Pune doctor cures patient with rare congenital defect

The surgery lasted for two hours, with minimal blood loss, and the results were miraculous. With no evidence of brain stem or spinal cord injury, the patient could walk without support on the third day. The patient felt immediate relief in her problems

Ruby-eng

For a 55-year-old woman, the last ten years of her life have marked a period of struggle and pain. She felt a tingling in her limbs, and weakness in both the hands. She has vertigo and had lost her sense of balance, and she couldn’t even walk in a straight line. Moreover, she had constant headaches.

She said, “For many years, I ran from pillar to post, hoping someone could help me fix this condition. There were times when it was impossible for me to do any tasks with my hands. I tried many conservative treatments right from physiotherapy to painkillers, but in vain. Recently, I consulted Dr Bhushan Khedkar at Ruby Hall Clinic, and it turned out to be a blessing for me.”

On the first visit, she was diagnosed with muscle weakness in both limbs, a short neck with a low hairline, and restricted hand movements. Dr Bhushan Khedkar, a Consultant Spine Surgeon, Ruby Hall Clinic, said, “The clinical signs were suggestive of spinal cord compression at the neck level, and deficit in blood flow to the brain stem.”

He added, “Further tests like MRI, X-ray, and CT angiogram of the neck and brain revealed a rare congenital anomaly of CV Junction, which means Atlanto-Occipital Fusion with Basilar Invagination Syndrome. In simpler terms, it happens when the skull and upper cervical spine fuse together.”

Cranio-Vertebral congenital (CV) anomalies are rare, with an incidence rate of 1.4 to 2.5 per 1000 children. Such patients often have lower hairline and short neck. They suffer from a dull, aching pain at the back of the neck with restricted movement. Congenital cases can become worse over the years, due to the progressive nature of the condition. Most symptoms appear only in the 40s or 50s.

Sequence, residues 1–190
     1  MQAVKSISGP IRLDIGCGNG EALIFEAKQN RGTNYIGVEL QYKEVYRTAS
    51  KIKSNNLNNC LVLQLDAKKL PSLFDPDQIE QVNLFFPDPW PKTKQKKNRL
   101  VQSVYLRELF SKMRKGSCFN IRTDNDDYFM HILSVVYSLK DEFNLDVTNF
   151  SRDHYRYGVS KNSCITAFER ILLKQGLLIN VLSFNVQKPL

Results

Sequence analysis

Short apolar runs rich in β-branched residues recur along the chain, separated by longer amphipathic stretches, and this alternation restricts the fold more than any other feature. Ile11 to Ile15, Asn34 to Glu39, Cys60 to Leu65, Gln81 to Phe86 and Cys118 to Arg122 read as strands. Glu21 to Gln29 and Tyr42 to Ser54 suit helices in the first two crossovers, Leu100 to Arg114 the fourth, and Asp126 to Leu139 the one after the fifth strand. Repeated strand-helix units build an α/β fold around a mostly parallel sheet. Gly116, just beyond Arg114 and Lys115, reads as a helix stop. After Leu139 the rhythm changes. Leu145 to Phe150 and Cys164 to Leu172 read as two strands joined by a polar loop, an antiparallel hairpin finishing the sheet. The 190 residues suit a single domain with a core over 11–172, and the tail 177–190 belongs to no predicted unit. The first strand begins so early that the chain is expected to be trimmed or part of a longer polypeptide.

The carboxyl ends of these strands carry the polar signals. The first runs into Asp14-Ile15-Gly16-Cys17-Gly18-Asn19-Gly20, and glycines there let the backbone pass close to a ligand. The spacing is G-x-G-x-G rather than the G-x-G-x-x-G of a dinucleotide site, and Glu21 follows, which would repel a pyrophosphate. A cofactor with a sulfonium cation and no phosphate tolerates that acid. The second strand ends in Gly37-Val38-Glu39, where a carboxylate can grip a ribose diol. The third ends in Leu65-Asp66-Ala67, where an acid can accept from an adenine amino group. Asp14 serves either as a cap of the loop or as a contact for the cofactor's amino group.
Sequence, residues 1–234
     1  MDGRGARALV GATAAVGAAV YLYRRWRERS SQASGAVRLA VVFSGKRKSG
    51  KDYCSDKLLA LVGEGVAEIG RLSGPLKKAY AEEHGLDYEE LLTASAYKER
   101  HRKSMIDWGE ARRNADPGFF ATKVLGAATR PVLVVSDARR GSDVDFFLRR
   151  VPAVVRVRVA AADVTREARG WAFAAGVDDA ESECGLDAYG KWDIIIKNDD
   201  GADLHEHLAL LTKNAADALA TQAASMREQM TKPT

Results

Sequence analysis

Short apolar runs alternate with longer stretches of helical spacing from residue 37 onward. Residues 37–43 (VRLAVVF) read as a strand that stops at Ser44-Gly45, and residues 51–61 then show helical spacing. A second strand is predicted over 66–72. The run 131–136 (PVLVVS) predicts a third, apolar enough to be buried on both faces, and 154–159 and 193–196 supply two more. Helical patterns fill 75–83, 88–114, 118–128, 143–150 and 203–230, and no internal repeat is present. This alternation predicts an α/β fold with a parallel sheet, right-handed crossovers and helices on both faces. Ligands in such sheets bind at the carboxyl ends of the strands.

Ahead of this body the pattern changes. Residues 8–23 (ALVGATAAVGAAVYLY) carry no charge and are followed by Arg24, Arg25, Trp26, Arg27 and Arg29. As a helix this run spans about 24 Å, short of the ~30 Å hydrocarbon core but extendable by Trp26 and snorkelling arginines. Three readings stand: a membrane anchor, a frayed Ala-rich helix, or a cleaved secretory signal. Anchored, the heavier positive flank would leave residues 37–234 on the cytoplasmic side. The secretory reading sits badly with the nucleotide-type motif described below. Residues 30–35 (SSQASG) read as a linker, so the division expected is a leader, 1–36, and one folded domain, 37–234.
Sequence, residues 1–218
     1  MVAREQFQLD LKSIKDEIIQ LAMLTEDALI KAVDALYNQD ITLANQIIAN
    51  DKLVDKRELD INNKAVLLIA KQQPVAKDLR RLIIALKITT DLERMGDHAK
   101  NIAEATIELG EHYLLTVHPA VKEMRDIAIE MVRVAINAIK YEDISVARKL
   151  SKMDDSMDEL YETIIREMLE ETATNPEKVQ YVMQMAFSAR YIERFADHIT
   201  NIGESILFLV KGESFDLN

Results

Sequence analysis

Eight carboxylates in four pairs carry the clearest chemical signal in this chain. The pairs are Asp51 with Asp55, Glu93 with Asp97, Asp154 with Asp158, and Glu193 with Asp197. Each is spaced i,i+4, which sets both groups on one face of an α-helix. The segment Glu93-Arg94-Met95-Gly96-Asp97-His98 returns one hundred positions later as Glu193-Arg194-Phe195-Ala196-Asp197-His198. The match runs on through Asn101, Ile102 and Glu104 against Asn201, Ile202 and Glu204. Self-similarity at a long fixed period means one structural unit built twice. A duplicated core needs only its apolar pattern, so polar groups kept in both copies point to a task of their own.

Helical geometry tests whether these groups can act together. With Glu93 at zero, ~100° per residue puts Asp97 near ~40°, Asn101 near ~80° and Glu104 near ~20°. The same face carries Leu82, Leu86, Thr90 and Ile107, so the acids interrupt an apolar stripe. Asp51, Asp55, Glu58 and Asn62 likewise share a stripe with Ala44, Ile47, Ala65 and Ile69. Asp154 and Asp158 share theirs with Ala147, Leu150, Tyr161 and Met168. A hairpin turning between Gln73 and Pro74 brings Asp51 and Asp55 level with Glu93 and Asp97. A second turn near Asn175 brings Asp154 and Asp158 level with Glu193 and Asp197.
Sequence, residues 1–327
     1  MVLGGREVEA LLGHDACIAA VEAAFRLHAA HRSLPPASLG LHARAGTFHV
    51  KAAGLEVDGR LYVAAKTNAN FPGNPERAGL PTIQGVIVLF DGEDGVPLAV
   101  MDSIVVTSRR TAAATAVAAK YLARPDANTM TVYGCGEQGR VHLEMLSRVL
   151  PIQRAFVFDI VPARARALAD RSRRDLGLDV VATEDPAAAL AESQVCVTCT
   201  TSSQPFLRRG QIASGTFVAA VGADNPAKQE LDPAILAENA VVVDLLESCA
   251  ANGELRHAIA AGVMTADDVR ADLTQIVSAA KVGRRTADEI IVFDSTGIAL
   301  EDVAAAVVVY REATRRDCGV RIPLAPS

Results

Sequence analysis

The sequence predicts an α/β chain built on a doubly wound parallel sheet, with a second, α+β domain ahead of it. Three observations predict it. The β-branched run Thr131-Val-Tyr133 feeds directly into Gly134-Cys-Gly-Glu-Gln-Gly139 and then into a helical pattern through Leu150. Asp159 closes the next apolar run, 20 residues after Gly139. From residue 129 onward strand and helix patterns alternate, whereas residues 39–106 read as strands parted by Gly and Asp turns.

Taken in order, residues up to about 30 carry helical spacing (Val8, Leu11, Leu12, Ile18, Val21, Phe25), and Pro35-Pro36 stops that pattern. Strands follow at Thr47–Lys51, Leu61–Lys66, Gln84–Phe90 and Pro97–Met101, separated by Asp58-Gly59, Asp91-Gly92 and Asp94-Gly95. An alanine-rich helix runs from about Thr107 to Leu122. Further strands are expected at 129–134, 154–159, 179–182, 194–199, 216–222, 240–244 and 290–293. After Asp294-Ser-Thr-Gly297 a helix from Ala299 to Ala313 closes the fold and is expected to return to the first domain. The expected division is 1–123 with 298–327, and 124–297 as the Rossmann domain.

“In her case, we planned an Occipital Cervical Fusion Surgery. The surgery was critical because of already compromised blood flow to the brain and spinal cord due to the hypoplastic right vertical artery. There was also a risk of brain or spinal cord injury intraoperatively and required continuous specialised intra-operative neuro-monitoring. As a surgeon, it was challenging for me to put three screws in the cervical spine due to the congenital deformity in the vertebral bone,” Dr Khedkar concluded.

According to studies, such abnormalities can often prove to be life-threatening, as nerves inside the spinal cord lead to the brain, and there is a chance of brain stem getting damaged during surgery.

The surgery lasted for two hours, with minimal blood loss, and the results were miraculous. With no evidence of brain stem or spinal cord injury, the patient could walk without support on the third day. The patient felt immediate relief in her problems of vertigo, constant headaches, and the tingling sensation in her limbs.